In its recent report, Gamification and sustainable behaviour change in the workplace, consultancy Accenture noted that game mechanics can help get past the walls that consumers have built against a ‘deluge’ of information. Still, David Phalaris, director and co-founder of Hong Kong-based Maloya Games, believes that the power of gamification is mostly untapped in corporate settings.
‘If corporations would compare the outcomes of their gamified and traditional training programmes, they would be more compelled to roll it into other phases of their operations,’ says Phalaris, noting that this is particularly true for human resources.
‘Many people know how to work an interview to give the right impression. But using game simulations allows HR managers to see how they would communicate and react in real-life work situations,’ he says.
Games are not only engaging but also provide purpose and meaning for those playing them. Microsoft tapped into this when it asked staff to help translate its Encarta encyclopaedia. Participants thought their efforts would help represent their country and language better, says Lau. Meanwhile, companies like TripAdvisor have tapped into this same mindset with their reviews, which individuals contribute by the millions.
By setting up the right drivers (see boxout), employers can make work processes more meaningful and drive engagement. This could be particularly useful in both the training and actual work in areas that can be seen as tedious, such as compliance and due diligence.
Beyond the workplace, the idea of driving engagement through games is nothing new. Accenture’s report points to the Solitaire application that Microsoft included in Windows 3.0 in 1990 to help users practise the mouse’s click-and-drag functions.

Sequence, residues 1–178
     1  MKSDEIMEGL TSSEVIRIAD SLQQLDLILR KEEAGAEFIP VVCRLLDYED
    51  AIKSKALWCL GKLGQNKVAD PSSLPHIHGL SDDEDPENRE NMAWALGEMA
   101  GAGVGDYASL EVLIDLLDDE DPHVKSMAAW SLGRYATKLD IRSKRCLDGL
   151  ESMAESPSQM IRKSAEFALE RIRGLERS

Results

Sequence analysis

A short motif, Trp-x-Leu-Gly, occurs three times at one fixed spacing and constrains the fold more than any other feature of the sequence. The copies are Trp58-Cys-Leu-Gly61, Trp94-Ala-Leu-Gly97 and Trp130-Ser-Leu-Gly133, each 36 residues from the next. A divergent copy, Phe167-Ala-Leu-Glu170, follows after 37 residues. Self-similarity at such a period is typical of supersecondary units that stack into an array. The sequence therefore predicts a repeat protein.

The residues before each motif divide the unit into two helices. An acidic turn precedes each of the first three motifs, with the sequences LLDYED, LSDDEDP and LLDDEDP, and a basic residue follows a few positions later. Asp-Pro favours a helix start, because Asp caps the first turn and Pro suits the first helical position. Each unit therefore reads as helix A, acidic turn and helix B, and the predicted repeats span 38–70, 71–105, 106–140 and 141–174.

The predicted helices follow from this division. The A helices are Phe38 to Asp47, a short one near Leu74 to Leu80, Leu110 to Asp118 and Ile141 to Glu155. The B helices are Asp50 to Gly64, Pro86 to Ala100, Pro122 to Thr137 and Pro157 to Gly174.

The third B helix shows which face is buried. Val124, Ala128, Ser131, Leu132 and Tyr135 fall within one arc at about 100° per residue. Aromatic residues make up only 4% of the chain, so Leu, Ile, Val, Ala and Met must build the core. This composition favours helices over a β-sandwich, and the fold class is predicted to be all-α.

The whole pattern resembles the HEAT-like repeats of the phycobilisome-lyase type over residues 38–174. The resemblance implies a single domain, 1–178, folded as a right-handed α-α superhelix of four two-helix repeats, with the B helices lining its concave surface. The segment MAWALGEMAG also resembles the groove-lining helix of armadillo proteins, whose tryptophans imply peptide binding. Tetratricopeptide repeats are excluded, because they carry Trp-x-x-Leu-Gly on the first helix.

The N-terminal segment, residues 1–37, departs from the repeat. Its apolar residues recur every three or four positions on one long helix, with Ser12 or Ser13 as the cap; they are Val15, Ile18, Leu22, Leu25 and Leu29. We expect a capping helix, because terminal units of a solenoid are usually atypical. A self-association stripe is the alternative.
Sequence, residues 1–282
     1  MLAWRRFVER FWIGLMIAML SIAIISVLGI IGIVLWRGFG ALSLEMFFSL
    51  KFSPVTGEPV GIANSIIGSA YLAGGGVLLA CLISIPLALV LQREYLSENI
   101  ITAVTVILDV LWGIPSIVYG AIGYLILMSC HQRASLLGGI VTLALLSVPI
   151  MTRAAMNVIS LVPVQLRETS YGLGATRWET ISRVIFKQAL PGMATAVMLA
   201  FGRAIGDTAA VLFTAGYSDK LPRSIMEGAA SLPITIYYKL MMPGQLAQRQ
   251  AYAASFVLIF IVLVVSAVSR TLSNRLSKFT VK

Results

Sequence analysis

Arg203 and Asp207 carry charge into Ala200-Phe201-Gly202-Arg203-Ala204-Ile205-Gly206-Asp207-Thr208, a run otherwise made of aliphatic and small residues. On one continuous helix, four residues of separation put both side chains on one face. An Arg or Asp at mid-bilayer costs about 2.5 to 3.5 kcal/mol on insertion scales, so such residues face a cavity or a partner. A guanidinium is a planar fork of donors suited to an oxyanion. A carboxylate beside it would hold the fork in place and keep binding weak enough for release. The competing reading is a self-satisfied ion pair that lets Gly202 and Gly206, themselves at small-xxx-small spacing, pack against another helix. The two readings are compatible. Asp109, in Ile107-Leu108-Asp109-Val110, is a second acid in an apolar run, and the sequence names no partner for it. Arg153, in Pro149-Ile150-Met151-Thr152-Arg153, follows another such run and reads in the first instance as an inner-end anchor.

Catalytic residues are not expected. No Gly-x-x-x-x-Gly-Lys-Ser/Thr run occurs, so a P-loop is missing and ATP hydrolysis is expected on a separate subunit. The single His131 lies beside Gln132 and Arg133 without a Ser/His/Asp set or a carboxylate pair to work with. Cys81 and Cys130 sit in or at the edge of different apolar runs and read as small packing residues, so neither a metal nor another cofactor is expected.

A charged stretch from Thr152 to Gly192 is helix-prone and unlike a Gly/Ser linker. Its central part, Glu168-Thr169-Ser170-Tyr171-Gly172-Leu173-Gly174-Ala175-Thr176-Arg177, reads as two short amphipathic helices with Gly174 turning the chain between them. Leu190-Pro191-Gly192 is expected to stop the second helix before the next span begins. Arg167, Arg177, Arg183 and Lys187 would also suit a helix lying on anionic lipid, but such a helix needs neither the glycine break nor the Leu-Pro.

‘It’s about setting up the psychological triggers for the right purposes,’ Lau says. ‘With the workforce, especially millennials, forcing behavioural patterns through policies and top-down management approaches is no longer a viable option.’
In fact, poor management can often have the opposite effect on the workforce, fostering employee disengagement, counterproductive work behaviour and increased turnover.
While gamification has become increasingly popular in the West over the last 15 years, in Asia, it is mainly big corporations and multinationals that are driving the movement. Phalaris believes that gamification would be an easy concept to grasp in the region, even among older workers, given the strong gaming culture in the region.
‘Even in the parks in Hong Kong, you still see old people playing go – the traditional board game – or Pokemon Go. They are more active than their peers in Europe,’ he says, adding that games are ‘brain food’ that can keep older workers mentally nimble and relevant to the workforce.
‘Games are also the glue between generations,’ he concludes. ‘They bring people together.’
David Ho, journalist
"The simplicity of gamification for motivation should never be underestimated, given its power for connectivity in all aspects of culture"